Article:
Webster's Dictionary defines commenting as what you do when you are sitting at your desk and your eyes feel like they might fall out because you have been looking at the same spreadsheet for an hour but all you can see is a view of the grass from the porch of your friend's college apartment where you used to get drunk and stoned and feel great about life so you decide to let go of the spreadsheet for a minute or two or sixty. Or, you know, it's just something silly and fun. Whatever. After the jump, find our five favorite from this week.
- From Nard38 in Life Is Not a Fairytale:
"Gay Hulk sad. No smash today. Just sit, think."
- From La Cieca in Jakob Lodwick Thinks He's Diluting Mary Rambin's Brand:
"'I'm diluting your brand' is the new 'I'm crushing your head.'
- From Clarence Rosario in Smoking Ban Making New York Dangerously Fat, Uncool:
"With the value of the dollar these days, it only feels like 5 million pounds." [Thanks, Rebecca!]
- From Dickdogfood in Vice Magazine Changes Everything as Usual:
"The fashion choices of early 70's high school students: ultimately not that interesting." [Thanks, Hamilton!]
- From raphaela in Once Your Children Learn How to Google the Universe is the Limit:
"Did Google molest her child?
When I was 5, I found a Hustler magazine on a playground. Rather than being traumatized, I was just confused as to why the lady had on no clothes other than socks and a hat. It's too bad my mother didn't have a resource to turn to, to talk about what had happened to me. Then maybe I wouldn't have this weird sock and hat fetish."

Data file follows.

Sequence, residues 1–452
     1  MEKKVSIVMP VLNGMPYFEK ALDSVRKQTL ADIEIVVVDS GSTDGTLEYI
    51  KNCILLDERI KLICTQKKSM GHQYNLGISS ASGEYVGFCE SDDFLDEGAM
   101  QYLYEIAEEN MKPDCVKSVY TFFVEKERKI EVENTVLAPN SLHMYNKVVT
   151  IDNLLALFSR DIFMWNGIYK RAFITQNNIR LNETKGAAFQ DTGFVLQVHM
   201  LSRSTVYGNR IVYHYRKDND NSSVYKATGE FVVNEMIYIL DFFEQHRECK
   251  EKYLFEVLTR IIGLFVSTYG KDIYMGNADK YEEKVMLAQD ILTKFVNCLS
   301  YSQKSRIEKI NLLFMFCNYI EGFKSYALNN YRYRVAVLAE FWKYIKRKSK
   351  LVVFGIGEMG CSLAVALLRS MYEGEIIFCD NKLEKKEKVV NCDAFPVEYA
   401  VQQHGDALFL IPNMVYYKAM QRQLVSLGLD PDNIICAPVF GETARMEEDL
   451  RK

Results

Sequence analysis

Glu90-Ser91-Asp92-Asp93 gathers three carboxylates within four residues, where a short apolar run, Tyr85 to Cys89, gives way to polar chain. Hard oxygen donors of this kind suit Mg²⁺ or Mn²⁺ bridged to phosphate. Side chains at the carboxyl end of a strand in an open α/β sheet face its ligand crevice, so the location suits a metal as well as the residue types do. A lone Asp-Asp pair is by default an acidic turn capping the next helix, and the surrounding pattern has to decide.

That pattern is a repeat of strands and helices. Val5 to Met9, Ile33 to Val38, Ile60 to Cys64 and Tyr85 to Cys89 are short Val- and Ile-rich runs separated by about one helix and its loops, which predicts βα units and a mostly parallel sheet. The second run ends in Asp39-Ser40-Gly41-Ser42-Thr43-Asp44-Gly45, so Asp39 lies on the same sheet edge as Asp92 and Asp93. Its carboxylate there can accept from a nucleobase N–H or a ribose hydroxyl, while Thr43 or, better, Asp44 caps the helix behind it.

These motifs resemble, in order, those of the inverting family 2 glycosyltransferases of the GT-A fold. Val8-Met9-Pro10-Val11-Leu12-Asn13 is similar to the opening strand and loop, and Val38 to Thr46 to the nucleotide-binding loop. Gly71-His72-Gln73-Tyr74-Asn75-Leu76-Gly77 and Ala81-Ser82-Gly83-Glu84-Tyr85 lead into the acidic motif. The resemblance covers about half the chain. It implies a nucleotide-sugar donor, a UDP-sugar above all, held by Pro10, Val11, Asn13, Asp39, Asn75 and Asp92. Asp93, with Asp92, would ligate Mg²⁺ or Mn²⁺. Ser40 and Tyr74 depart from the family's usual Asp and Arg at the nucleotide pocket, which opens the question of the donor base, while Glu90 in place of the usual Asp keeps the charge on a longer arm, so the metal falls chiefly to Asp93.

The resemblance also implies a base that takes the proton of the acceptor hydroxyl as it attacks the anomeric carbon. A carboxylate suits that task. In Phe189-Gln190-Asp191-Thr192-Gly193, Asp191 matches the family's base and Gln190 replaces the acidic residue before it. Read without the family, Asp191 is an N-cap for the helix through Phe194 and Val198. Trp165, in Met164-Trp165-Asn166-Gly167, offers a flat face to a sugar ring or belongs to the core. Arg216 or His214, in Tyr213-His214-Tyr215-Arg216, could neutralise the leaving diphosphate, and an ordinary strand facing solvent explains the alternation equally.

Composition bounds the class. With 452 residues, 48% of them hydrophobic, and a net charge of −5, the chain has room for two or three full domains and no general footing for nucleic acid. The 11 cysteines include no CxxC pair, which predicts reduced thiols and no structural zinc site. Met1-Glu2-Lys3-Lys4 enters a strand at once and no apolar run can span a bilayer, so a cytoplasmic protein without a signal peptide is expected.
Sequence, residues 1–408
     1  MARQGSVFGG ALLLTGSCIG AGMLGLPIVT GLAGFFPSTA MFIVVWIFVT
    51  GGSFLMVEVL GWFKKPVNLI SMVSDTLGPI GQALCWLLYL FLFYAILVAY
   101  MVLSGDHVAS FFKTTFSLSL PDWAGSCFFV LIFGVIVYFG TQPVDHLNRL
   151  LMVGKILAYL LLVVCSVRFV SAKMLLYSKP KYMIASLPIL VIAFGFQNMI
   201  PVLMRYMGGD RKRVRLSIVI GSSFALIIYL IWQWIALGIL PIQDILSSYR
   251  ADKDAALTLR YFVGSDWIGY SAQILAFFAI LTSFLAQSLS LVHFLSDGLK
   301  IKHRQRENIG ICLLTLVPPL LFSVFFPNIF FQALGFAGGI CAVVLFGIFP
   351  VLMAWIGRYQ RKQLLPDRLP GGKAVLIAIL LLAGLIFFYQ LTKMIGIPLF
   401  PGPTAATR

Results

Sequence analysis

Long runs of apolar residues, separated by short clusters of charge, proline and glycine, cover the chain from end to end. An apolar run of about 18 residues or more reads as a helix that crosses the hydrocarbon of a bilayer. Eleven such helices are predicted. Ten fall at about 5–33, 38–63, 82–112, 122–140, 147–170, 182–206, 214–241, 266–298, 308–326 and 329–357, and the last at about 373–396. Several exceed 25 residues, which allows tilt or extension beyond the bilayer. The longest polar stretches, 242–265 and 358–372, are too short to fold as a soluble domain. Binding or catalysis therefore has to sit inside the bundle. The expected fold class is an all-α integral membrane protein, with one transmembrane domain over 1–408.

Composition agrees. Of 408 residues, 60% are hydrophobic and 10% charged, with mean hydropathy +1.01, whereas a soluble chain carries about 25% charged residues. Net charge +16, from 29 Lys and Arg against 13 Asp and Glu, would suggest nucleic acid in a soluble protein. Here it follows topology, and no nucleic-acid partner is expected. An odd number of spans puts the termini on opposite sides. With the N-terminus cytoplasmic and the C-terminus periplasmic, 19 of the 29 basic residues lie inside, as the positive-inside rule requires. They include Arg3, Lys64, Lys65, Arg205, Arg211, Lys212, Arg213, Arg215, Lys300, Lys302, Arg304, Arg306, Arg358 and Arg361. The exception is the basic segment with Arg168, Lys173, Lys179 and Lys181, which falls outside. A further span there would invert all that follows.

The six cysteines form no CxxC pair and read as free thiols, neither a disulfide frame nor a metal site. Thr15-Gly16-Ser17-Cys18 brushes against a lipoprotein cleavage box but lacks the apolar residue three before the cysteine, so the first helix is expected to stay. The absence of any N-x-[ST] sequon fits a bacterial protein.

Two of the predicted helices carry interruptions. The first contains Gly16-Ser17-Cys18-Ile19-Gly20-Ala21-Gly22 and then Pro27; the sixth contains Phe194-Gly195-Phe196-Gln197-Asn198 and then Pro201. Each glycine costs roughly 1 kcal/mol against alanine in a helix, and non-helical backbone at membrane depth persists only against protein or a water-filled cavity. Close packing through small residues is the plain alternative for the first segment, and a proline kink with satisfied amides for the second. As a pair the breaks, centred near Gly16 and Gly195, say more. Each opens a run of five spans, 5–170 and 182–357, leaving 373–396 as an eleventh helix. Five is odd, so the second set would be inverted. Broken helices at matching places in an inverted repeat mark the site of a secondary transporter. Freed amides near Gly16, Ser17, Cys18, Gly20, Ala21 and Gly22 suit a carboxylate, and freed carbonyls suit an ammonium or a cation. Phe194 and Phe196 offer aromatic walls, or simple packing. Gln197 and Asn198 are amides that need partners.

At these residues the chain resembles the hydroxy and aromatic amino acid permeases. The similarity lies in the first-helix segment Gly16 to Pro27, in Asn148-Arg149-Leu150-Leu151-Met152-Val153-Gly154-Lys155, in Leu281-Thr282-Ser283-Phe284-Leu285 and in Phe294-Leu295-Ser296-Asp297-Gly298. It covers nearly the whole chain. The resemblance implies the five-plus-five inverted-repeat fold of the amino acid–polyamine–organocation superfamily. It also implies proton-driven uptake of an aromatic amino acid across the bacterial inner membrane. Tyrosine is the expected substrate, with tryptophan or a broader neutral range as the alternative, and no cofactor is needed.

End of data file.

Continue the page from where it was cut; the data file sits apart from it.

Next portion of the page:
Your Party Pick this week went to a commenter who's been mostly absent of late, LolCait, who rambled incoherently and at ridiculous length in Washington Post Not Brought to You by the Letter F:
"How about MIWLMAPSAAS. SWBTRWFBH. AMIASW. WWGSCNSGDSBNSSABIWCCWWMLBMVAISMTWHRI. BTRWSISWCSWIDHBHC. WWSEOOMWAKSR. SWGMTTBLTYHHHMIWFWPPPIM. TNDIWLSFNR.
Mother I Would Like to Meet At the Parents' Social At Aubrey's School. She Will Be Thin and Regal, With Flat Brown Hair. A More Inward and Angular Sigourney Weaver. We Will Go to a Small Cafe Near the School and Get Drunk on Sauvignon Blanc and We Will Remember the Nineteen Seventies and She Will Talk About Barnard and I Will Condemn Cornell and We Will Make Love in the Back of My Volvo And It Will Seem for a Moment That the World Has Righted Itself. But Then the Reality Will Set In and She Will Cry Softly While I Drive Her Back to Her Car. We Will See Each Other Once More, in the Winter, At the Kids' School Recital. She Will Give Me That Terse, Brittle Look That the Years Have Helped Her Master and I Will Feel the Weight of People and Places Pressing Into Me. The Next Day I Will Leave for Santa Fe and Never Return. "
Good job, everyone! Cait, I miss you.